Arnie: What initially may sound rather atrocious becomes a lot more understandable when you hear the other side of the story.

Joe: Which is…

Arnie: Which is—in a fallen, evil world (unlike the one that God created), there are seldom any really happy alternatives. What God eventually condoned here, as necessary, is certainly not what he originally envisioned as ideal.

But let me ask you a few questions. Would you ever think it justifiable to put two teenage boys in the scope of a rifle and pull the trigger? Does that sound unthinkable, atrocious, and absolutely unjustifiable? Well, what if those teenage boys’ names were Dylan Klebold and Eric Harris? Few folks would condemn the SWAT officers who did that very thing at Columbine High School on April 20, 1999.

Joe: So you're comparing lots of innocent Amalekite babies to two brutal Columbine murderers?

Arnie: Well, what is clear from history is that these so-called innocent Amalekite babies were part of a self-perpetuating system of evil that often defied description. There are many reasons to believe that these babies represented a rising generation of Mohammed Attas, Osama bin Ladens, and Adolf Hitlers.

Ancient sects and nations like the Amalekites would often heat up an idol like Molech with fire until it was glowing. Then they would take their newborn babies, place them on the arms of the idol, and watch them burn to death. (Source: New Bible Dictionary, Tyndale) At other times they would kill disabled, weak, and elderly people without so much as a second thought (Deuteronomy 25:17-18).

In The Case for Faith, author Lee Strobel poses a question similar to the one you've asked. He says:

[1 Samuel 15:3] sounds more like a violent and brutal God than a loving one. How can people be expected to worship him if he orders innocent children to be slaughtered?

Apologist Norman Geisler responds,

[The Amalekites] were not nice people. In fact, there were utterly and totally depraved. Their mission was to destroy Israel. In other words, to commit genocide… The destruction of their nation was necessitated by the gravity of their sin. Had some hardcore remnant survived, they might have resumed their aggression against the Israelites and God's plan.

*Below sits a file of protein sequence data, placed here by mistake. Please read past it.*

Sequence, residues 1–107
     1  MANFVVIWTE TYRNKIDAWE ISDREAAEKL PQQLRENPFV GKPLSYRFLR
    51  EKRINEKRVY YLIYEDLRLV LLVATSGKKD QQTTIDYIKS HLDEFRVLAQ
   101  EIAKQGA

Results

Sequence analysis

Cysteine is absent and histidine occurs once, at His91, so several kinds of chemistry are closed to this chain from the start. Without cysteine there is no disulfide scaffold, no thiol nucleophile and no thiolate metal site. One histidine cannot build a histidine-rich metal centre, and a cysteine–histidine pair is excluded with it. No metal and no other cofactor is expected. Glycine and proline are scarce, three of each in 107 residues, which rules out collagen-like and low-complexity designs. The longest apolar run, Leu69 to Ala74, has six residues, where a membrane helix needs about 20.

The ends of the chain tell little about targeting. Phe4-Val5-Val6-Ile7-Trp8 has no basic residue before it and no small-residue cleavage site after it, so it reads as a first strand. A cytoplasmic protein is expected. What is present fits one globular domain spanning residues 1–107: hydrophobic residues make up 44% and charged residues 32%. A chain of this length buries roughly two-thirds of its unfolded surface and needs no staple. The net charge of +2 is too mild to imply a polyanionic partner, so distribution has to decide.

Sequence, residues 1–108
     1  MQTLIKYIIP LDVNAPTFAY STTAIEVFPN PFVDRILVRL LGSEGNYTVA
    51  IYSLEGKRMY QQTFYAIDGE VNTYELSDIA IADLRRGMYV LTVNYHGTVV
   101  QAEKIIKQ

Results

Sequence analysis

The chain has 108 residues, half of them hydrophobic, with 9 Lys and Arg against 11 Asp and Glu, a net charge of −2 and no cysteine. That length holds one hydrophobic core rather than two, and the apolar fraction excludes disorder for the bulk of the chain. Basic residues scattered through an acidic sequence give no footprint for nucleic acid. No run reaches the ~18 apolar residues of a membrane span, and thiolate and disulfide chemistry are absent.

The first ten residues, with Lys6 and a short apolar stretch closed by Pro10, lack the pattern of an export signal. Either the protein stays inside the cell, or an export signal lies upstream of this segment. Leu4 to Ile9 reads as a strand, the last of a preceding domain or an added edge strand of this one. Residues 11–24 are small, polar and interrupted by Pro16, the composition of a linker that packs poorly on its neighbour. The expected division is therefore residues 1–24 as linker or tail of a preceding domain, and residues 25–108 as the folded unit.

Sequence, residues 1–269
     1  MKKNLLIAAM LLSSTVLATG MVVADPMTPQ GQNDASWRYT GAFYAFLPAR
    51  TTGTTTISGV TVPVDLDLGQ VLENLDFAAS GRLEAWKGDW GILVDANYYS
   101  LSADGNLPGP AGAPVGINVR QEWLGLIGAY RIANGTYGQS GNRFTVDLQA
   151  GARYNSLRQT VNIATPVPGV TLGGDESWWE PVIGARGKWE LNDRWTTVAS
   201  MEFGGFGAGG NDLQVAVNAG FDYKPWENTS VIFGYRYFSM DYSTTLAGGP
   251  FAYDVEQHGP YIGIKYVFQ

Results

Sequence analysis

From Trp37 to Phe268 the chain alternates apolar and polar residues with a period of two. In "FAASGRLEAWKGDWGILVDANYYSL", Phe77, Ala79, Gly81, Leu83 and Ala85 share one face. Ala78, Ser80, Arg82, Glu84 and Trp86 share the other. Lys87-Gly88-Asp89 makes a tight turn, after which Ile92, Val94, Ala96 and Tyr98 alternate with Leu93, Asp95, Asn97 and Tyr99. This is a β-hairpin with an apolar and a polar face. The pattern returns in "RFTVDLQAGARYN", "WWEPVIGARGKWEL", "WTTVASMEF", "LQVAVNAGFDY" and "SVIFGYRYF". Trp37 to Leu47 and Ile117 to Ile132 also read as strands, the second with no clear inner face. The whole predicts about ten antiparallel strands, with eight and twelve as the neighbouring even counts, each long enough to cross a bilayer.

Joe: Are you saying that the end justifies the means—that their killing some babies justifies God killing more babies?

Arnie: In many cases, innocent people do inevitably suffer when justice is being wrought. But aside from that, when the Righteous Judge of the universe is sitting on the bench, any means that He may choose to use is self-justified. After all, He is the very creator and sustainer of human life.

Still, there's more to the story here than mere punishment for wickedness. In a scenario not unlike America's 2001-2002 role in Afghanistan, God was using Israel at this time to “clean house” in a world gone awry.

R.C. Sproul says this in Now That's a Good Question (Tyndale, 1996):

God said to Israel, “I am using you here in this war as an instrument of my judgment upon this nation, and I'm bringing my violence upon this unbelievably wicked people… I'm going to have them destroyed” (Deuteronomy 13:12-17).

He said, “I am calling you out of my grace to be a holy nation. I'm tearing down in order to build something new, and out of what I build new, a holy nation, I'm going to bless all of the peoples in the world. Therefore, I want you to be separated, and I don't want any of the influences of this pagan heritage to be mixed into my new nation that I'm establishing.” That is the reason (God) gives. People still choke on it, but if God is, indeed, holy—as I think he is—and we are as disobedient as I know we are, I think we ought to be able to handle that.

Joe: Wasn't God harsher in ancient times, and more loving today?

Arnie: Josh McDowell and Don Stewart in Answers to Tough Questions:

…when the two testaments are read as they were intended, they reveal the same holy God who is rich in mercy, but who will not let sin go unpunished.

Author: Daryl E. Witmer of AIIA Institute .

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Article Version: September 15, 2017